Don't Miss the Value in Valero

Joshua is a member of The Motley Fool Blog Network -- entries represent the personal opinion of the blogger and are not formally edited.

The refinery business isn't very exciting, but it can be profitable. With the growth in American energy production and ban on raw crude exports, many refineries have seen their business boom. Using a simple two-stage discounted cash flow calculation, Valero Energy (NYSE: VLO) stands out as a refiner that is undervalued with an attractive future. 

VLO Free Cash Flow Per Share TTM data by YCharts

Two Stage Discounted Cash Flow Analysis 

The basic idea behind discounted cash flow analysis is simple. You get the value of a company by looking at all of its future cash flow. By using free cash flow you can see how much cash a company really produces, apart from its normal business costs. This article uses a two-stage analysis with a high-growth stage and a later low-growth stage.

After getting a company's free cash flow, you take a look at the company's growth rate and the required rate of return. A good rule of thumb for the required return rate is the ten year Treasury rate plus five percent. In this model the high growth stage uses the current ten year rate around 2.57% plus 5%. For the second period a higher 3.57% rate plus 5% is used. A higher rate is used for the second stage, because the end of the government's quantitative easing program should boost interest rates.

The expected 2014 earnings per share (EPS) growth rate is a good place to find the high-growth stage rate. For the second stage a stable 3% growth rate is used. Using all of these numbers you can calculate the intrinsic value of any company. 

VLO data by YCharts

A Diamond in the Rough 

A quick look at the Energy Information Agency's (EIA) latest numbers shows that Valero is the biggest refiner in the U.S., followed by ExxonMobil (NYSE: XOM)and Phillips 66 (NYSE: PSX). Valero's size serves as an asset for the company. In 2013 it is upgrading its logistics operations to help buy more cheap North American crude and less expensive imported crude. It is expecting to spend $250 million to expand its rail car fleet. These rail cars help to decrease the company's reliance on pipelines.

Valero is also looking to take advantage of the spread between cheap natural gas and expensive diesel fuel with hydrocrackers. Its new hydrocracker facilities will boost its bottom-line and help differentiate the company from its competitors.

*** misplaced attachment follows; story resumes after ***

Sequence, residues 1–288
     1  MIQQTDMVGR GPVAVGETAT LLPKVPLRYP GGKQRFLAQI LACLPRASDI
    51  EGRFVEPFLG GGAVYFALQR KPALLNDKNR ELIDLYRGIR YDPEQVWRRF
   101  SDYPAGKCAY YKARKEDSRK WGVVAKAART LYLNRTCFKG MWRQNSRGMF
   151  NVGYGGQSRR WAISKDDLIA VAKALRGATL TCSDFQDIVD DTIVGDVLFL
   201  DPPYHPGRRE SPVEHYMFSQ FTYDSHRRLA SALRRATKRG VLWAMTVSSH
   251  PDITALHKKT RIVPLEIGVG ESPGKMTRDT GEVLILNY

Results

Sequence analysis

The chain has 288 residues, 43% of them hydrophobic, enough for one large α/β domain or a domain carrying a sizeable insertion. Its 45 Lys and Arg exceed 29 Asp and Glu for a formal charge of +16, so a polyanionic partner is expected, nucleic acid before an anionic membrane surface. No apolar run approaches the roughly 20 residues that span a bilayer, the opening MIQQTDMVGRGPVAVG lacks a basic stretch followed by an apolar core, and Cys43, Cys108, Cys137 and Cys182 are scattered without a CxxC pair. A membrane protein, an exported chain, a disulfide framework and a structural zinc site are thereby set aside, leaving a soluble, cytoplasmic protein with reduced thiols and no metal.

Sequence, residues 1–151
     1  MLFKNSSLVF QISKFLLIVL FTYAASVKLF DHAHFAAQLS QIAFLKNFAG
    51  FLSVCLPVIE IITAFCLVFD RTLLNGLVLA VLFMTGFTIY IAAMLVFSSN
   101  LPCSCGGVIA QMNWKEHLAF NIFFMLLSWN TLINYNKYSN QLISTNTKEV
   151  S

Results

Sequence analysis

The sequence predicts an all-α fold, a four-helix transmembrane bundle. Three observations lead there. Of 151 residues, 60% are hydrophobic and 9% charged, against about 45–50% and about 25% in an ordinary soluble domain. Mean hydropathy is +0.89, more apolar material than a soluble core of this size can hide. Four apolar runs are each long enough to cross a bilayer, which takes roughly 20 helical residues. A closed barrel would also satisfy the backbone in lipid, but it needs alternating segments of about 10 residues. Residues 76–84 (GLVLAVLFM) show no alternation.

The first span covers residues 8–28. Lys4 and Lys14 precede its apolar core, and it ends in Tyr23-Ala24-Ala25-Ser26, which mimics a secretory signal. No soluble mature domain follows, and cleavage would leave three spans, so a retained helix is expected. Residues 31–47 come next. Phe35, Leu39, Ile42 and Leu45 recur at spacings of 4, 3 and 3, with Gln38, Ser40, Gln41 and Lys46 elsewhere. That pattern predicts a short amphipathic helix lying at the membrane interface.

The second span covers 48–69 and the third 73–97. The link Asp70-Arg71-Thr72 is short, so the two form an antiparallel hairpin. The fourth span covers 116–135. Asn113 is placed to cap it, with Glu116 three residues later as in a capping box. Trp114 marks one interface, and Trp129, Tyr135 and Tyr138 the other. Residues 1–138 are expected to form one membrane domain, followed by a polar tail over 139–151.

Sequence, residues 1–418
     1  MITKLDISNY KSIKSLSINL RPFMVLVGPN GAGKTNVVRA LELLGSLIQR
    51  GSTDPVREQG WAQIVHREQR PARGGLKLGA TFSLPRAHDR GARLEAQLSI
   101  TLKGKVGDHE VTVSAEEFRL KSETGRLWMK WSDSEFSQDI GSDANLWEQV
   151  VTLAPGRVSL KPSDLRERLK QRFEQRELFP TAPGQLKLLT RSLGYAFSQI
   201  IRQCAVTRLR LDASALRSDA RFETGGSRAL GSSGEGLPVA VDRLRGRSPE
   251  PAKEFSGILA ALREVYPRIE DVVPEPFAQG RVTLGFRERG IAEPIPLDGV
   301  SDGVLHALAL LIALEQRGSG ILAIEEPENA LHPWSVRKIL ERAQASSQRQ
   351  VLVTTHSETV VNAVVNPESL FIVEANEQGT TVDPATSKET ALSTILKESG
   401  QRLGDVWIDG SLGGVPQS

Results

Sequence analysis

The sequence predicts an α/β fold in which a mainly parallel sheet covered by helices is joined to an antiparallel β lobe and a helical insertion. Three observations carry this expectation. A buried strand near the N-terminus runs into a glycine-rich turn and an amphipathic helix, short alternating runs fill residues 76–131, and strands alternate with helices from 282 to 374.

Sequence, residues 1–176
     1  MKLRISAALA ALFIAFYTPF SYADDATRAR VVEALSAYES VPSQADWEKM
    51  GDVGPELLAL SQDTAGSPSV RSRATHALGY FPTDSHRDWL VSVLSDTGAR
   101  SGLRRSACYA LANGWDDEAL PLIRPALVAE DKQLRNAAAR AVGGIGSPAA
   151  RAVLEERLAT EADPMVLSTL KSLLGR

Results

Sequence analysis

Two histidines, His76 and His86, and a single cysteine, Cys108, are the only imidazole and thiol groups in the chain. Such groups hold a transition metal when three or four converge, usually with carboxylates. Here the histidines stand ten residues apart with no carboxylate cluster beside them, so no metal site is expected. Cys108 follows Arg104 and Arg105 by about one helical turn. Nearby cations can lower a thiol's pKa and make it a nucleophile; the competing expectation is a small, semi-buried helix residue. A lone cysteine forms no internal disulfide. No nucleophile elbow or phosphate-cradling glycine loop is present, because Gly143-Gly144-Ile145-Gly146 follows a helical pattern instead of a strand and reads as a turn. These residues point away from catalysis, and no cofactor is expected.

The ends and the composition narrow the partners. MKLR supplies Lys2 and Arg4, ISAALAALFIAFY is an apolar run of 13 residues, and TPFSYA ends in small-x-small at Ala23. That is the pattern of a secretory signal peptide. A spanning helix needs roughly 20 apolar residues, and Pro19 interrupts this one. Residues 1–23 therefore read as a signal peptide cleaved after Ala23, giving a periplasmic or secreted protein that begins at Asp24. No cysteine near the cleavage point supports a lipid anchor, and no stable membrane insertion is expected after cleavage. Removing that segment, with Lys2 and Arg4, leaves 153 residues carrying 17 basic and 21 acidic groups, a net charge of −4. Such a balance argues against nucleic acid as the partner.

Valero's Intrinsic Value 

Plugging in Valero's current free cash flow per share of $4.261 and its expected 2014 EPS growth rate of 5.99% into a two stage discounted cash flow calculator gives an intrinsic value of $87.78 per share. It is important to note that this calculator uses a three year high-growth stage and then a permanent lower growth stage. An intrinsic value of $87.78 is a substantial increase from Valero's current share price of around $35.

Reworking the numbers with a more conservative current free cash flow per share of $3.85, a growth period rate of 1.5%, and a constant period growth rate of 2.0% reveals an intrinsic value around $60.51 per share. Both estimates show that Valero is a good deal around $35 per share. 

The Competition 

The majority of ExxonMobil's growth comes from its upstream operations. It recently bought into Alberta's tight oil fields along with its operations in America's Bakken region. While the majority of the company's earnings come from its upstream operations, it is still the second biggest refiner in the U.S.

ExxonMobil's latest free cash flow per share figure of $3.59 and its expected 2014 EPS growth rate of 2.83% (as the first stage growth rate) reveal an intrinsic value of $68.01 per share. Using the firm's five year EPS growth rate of 5.86% for the first stage rate boosts its intrinsic value to $73.89 and makes its current stock price around $90 a tad more reasonable. ExxonMobil is a strong long-term company with a proven ability to create shareholder value, but at current prices it is not a value play like Valero. 

Phillips 66 was recently spun off from ConocoPhillips, and the company is still trying to rework its operations. Like Valero, it is looking to buy more rail cars to take advantage of cheap North American crude. Still, Phillips 66 has significant international operations and uses a large amount of expensive Brent crude oil. 

While Phillips 66 did produce $7.839 in free cash flow per share over the last four quarters, its EPS is expected to decline -8.01% in 2014. Using these numbers, the discounted cash flow calculator reveals an intrinsic value of $108.51. This price is a substantial increase from its current stock price of around $60, but it is safer to wait and see how much its earnings will really fall. 

Conclusion

Intrinsic value estimates are helpful guides. Currently Valero is trading at a steep discount to its intrinsic value, even when using more conservative figures. Given ExxonMobil's current expected EPS growth rate, it is hard to paint it as a deep value play. Phillips 66 is a powerful refiner, but its falling EPS raises questions.

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Joshua Bondy has no position in any stocks mentioned. The Motley Fool has no position in any of the stocks mentioned. Try any of our Foolish newsletter services free for 30 days. We Fools may not all hold the same opinions, but we all believe that considering a diverse range of insights makes us better investors. The Motley Fool has a disclosure policy. Is this post wrong? Click here. Think you can do better? Join us and write your own!

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